How do we help our loved ones to grow older in good health? The answer may lie in studying those that have already accomplished it. A centenarian is someone who has lived to be one hundred years old or more. In recent years, centenarians have been the subject of much speculation and study. Books such as The Blue Zones and Ikigai suggest that these super-agers may have more than a few things in common.
According to Time Magazine, a study found that those that lived past ninety in remote Italian villages had two things in common – stubbornness and resilience. Those that are between ninety and one hundred years old today have lived through some of the most difficult years in history – including The Great Depression (1929-1933), World War II (1939-1945), famines, migrations, and other tumultuous events depending on their place of birth. Stubbornness and resilience kept them alive and may continue to do so.
What makes this combination of traits positive when it comes to living longer? Stubbornness is a strict adherence to one’s own beliefs and opinions. Resilience is then defined as the capacity to recover quickly. If an individual is stubborn and resilient, then it could result in a steadfast determination to live a good, long life. Humans are pleasure-seeking beings after all.
In a study performed by the National Institute of Health, additional key personality traits that correlated with longevity were conscientiousness, extraversion, and openness. These three traits require an individual to be in regular contact with at least one other person, which brings us to our next commonality amongst centenarians.
In researching her book “Growing Young”, Marta Zaraska discovered that the key indicator of whether a person will age gracefully toward one hundred years old lay in their ability to build a strong support network of family and friends. In fact, belonging to a robust community lowers mortality risk by forty-five percent.
The original study of “The Blue Zones” conducted by National Geographic by author Dan Buettner named five areas that are “hot spots” for these super-agers. They are Ikaria, Greece, Okinawa, Japan, Ogliastra Region, Sardinia, Loma Linda, California, and the Nicoya Peninsula, Costa Rica. Although in these five locations groups vary by location and behaviors, they all hold one thing in common – in all of these places, community members report strong social bonds.
Let’s take Loma Linda for instance. Most residents adhere to the Seventh-Day Adventist religion and share not only their beliefs but a strong sense of community and mutual support. They regularly prepare (vegetarian) meals, celebrate the Sabbath, exercise, and spend time together.
Since the book “The Okinawa Program” first appeared in 2002, most experts agree that in order to live to one hundred years or more, a person’s diet should consist of whole foods which are mainly plant-based, with the occasional sprinkling of rice, noodles, fish, or pork. A whole food is a food that has undergone minimal alterations from its natural state. In other words, an apple is better than apple sauce if you’re trying to become a centenarian. Added points if you eat your mainly plant-based whole food meal with family and friends. Meal Replacement Shake for Diabetes by Type2Diet is very useful for health.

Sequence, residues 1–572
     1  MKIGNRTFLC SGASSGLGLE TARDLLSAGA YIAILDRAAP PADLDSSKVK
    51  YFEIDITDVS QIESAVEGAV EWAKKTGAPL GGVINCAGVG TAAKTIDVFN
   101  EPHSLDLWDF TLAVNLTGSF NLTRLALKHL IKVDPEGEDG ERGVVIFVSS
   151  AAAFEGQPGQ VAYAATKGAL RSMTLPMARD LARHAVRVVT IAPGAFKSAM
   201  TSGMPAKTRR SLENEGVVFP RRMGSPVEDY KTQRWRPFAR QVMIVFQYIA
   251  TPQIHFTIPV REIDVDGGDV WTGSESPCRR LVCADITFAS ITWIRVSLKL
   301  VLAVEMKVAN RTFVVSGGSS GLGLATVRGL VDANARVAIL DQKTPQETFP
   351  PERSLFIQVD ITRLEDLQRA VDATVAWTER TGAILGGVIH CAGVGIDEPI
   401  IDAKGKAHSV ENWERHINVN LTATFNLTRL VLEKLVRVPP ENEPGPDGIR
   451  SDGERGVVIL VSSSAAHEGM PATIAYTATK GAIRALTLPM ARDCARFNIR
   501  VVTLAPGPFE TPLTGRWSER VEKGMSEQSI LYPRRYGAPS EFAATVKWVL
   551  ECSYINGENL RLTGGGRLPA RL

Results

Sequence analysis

As written in “Men’s Journal”, “the world’s longest-living people do not actively incorporate exercise into their lives. It is simply a part of their daily living”. In other words, the shepherds of Sardinia don’t go to the gym to “work out”, instead they walk an average of five miles a day or more guiding their sheep, as they’ve done for generations. This theory suggests that walking every day is better than running a couple of times a week or doing some form of strenuous exercise. According to the Center for Disease Control, individuals who are physically active for an average of seven hours a week are forty percent less likely to experience early death than those who are active for thirty minutes a week. It’s arguably easier to fit in those seven hours a week if a person is moving a little each day.
Nature versus Nurture
Although some centenarians have a family history of longevity, most studies suggest that it is often an individual’s psychological and behavioral habits that indicate whether or not they will reach ninety to one hundred years old in good health. Psychology, social connection, eating habits, and exercise all play a role.
Let Us Help You
Longevity is the gift of time – more love and laughter with those we care for most. To nurture ourselves, and our loved ones, we may need a helping hand. That’s where 24-7 Nursing Care comes in. We offer nursing care and companion referral services for individuals who want to remain independent and outside of a nursing home setting. At home, surrounded by family and community, is where an individual has the greatest opportunity to one day become a healthy centenarian. Call us for a free in-home consultation at 786-518-3622 in Miami and 954-949-1332 in Broward.